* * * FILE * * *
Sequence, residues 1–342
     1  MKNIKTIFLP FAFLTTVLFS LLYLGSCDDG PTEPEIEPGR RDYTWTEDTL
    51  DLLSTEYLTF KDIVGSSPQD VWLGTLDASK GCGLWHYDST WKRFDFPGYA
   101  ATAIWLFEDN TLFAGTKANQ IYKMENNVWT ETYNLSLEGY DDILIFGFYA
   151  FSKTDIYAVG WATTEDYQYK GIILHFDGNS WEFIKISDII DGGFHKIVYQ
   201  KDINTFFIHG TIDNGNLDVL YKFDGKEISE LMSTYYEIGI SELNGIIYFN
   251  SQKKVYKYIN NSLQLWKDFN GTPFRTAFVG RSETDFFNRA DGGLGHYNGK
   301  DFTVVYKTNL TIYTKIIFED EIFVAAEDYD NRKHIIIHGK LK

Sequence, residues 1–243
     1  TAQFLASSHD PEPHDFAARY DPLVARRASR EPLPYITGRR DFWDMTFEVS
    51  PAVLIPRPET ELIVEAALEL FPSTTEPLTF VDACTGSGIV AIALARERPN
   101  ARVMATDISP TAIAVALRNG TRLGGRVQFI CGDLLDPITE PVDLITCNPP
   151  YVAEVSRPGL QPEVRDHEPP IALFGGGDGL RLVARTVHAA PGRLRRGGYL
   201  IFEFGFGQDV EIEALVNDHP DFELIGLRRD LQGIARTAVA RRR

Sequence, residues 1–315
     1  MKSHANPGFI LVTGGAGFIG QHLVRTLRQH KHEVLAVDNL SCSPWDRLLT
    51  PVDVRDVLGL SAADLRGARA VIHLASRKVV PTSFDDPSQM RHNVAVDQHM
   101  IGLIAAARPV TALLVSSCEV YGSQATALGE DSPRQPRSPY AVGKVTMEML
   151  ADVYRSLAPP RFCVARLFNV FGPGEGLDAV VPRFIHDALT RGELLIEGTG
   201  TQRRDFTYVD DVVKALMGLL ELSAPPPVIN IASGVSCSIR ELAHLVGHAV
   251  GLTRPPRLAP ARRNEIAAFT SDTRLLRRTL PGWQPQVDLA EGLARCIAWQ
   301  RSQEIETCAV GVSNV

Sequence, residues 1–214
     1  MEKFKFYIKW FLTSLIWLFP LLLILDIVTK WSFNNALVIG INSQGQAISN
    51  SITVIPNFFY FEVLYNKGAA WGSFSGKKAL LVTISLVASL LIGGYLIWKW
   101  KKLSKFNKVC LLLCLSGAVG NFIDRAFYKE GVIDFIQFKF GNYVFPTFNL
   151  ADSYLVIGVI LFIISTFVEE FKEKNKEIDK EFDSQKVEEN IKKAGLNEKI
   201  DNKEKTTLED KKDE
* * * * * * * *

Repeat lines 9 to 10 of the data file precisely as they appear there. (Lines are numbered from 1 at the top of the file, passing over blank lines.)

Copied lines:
Sequence, residues 1–243
     1  TAQFLASSHD PEPHDFAARY DPLVARRASR EPLPYITGRR DFWDMTFEVS